Small warning: This question comes from a germophobe point of view, so please keep this in mind while giving an answer.

I love hiking, but I'm worried of what kind of germs (read virus, bacteria and any parasite) you could get from touching things in the ground. The list of things are normal, natural objects like stones, sticks, leaves (dry or not), etc. My particular worry are rodent-transmitted illnesses like leptospirosis and hantavirus, since these transmit through the urine and feces of rats, and I don't know if the objects I get from the ground are contaminated or were at some point exposed to contamination. In addition, it has to be considered that hands or skin touching the objects might be cut, the hands might touch mouth, nose, eyes or ears, and also what happens if one eats afterwards.

For additional context, when I say hiking, I mean hiking in USA Northeastern forests, in public state parks, on one of the trails (not outside the trails). My hikes are not particularly long, certainly not more than a few hours and do not involve the use of shelters or public bathrooms.

My question is, what are the chances that a human can get sick of any rodent-transmitted illness by touching natural objects while hiking?

  • If you have an answer, please post it as an answer, not as a comment.
    – Rory Alsop
    Commented Oct 31, 2018 at 21:38
  • I've only seen warnings for hantavirus in relation to highly used camping areas in the west (i.e., Grand Canyon, Philmont Scout Ranch) where animals become habituated and thus likely more concentrated. The chances would be extremely rare, especially since you are only hiking and not camping.
    – topshot
    Commented Nov 2, 2018 at 15:51

1 Answer 1


Very slim to be almost nonexistent.

From personal experience, I have not gotten any disease from touching/eating things while hiking. I am typically hiking in the midwest on and off trails.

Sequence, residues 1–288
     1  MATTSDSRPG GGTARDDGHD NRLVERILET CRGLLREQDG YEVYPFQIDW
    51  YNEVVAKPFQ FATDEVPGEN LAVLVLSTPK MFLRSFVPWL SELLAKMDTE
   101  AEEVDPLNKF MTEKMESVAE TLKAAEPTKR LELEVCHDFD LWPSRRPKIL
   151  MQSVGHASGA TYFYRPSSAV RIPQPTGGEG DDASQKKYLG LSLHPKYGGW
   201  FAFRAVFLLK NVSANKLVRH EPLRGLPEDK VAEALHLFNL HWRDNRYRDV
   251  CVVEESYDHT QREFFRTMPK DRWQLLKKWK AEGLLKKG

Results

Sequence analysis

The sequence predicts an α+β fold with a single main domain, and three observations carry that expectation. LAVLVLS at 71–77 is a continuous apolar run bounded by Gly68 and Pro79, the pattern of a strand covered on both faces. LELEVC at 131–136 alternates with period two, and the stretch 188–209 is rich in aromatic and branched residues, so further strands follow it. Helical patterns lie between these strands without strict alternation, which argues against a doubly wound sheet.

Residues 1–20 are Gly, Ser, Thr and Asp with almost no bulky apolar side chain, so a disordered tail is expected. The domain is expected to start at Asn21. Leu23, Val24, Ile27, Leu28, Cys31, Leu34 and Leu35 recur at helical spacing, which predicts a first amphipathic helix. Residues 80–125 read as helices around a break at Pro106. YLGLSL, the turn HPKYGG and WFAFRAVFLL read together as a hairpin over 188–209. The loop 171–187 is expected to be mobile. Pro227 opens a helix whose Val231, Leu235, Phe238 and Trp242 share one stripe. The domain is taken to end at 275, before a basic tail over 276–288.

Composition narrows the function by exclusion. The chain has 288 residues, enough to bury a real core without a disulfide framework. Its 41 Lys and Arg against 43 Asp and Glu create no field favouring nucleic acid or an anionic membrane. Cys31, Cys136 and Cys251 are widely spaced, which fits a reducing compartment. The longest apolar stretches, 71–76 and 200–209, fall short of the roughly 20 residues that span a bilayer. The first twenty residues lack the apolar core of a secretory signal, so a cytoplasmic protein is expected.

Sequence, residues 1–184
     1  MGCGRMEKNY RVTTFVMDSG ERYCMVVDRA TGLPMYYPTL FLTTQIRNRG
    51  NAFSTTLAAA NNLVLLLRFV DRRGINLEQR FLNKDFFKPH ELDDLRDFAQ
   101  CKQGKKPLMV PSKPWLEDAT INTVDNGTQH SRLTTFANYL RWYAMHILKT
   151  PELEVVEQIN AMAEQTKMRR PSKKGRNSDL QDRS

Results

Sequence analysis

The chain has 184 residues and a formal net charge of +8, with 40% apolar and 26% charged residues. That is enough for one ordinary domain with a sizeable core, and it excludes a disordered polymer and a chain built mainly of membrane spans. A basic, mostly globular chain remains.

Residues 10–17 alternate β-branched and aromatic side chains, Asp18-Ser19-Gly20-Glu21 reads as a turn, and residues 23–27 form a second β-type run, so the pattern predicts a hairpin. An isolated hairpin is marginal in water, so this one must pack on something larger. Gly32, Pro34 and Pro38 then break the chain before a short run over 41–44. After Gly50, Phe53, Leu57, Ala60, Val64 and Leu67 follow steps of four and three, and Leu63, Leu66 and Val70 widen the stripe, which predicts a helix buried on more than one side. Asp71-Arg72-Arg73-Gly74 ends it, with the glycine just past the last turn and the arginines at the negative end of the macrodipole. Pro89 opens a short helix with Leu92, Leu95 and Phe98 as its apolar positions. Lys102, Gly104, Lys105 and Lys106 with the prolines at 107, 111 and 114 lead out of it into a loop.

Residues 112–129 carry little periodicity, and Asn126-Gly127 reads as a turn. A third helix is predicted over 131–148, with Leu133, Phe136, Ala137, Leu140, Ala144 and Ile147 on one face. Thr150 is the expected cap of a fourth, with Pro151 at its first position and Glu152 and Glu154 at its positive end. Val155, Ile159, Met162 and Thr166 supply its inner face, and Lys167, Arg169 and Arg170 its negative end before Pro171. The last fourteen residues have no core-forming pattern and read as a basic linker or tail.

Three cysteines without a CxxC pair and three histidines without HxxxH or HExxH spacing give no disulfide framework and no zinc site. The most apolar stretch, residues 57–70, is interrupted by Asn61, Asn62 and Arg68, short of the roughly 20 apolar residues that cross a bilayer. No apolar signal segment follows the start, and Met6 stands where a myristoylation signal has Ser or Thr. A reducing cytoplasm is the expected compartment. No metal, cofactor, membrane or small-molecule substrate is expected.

Diseases from rodents are not something to be concerned about. First, while they are moving along leaving urine and feces about, they are not covering everything. So that reduces your risk of exposure. A further reduction is that not all rodents will be carriers.

The second consideration would be the number of cases of the disease each year. The US had 27 cases of leptospirosis and the CDC has recorded just over 700 cases since 1993 as of Jan 2017 of hantavirus. Considering that there are over 44 million hikers in the US, many of which are east of the Mississippi means that the chances of getting these diseases are very small. (A further point being that I would imagine that most people get the disease from handling rodents rather than secondary contact)

This suggests that your chances are incredibly slim for contracting any diseases from rodents by just going on hikes.

That being said, you should be concerned with lyme and other illnesses that are transmitted via mosquitoes and ticks. But that can be mitigated with proper clothing and insect repellent.

  • 8
    You have provided both cited evidence and anecdotal evidence. My comment can serve as supporting anecdotal evidence: neither me nor anybody I know has ever gotten a contagious disease from anything they have touched in the wild that I know of. Please only up-vote this comment to provide the same anecdotal evidence. However, I do know 1 person who got lyme disease from ticks, though he is not a hiker and I think he got it from his own property behind his house, which further supports this answer.
    – Loduwijk
    Commented Oct 30, 2018 at 18:54
  • 2
    Rodents tend to keep to well-covered areas to avoid predators. Don't go grubbing under logs and through deep brush and you should largely avoid the areas mostly likely to have been visited by rodents. Camp in open sunlit spaces to take advantage of the natural antibacterial treatment provided by UV light from the sun. Walking and resting in shade will be fine as they are still open to predators and thus avoided by rodents.
    – Arluin
    Commented Oct 30, 2018 at 23:52

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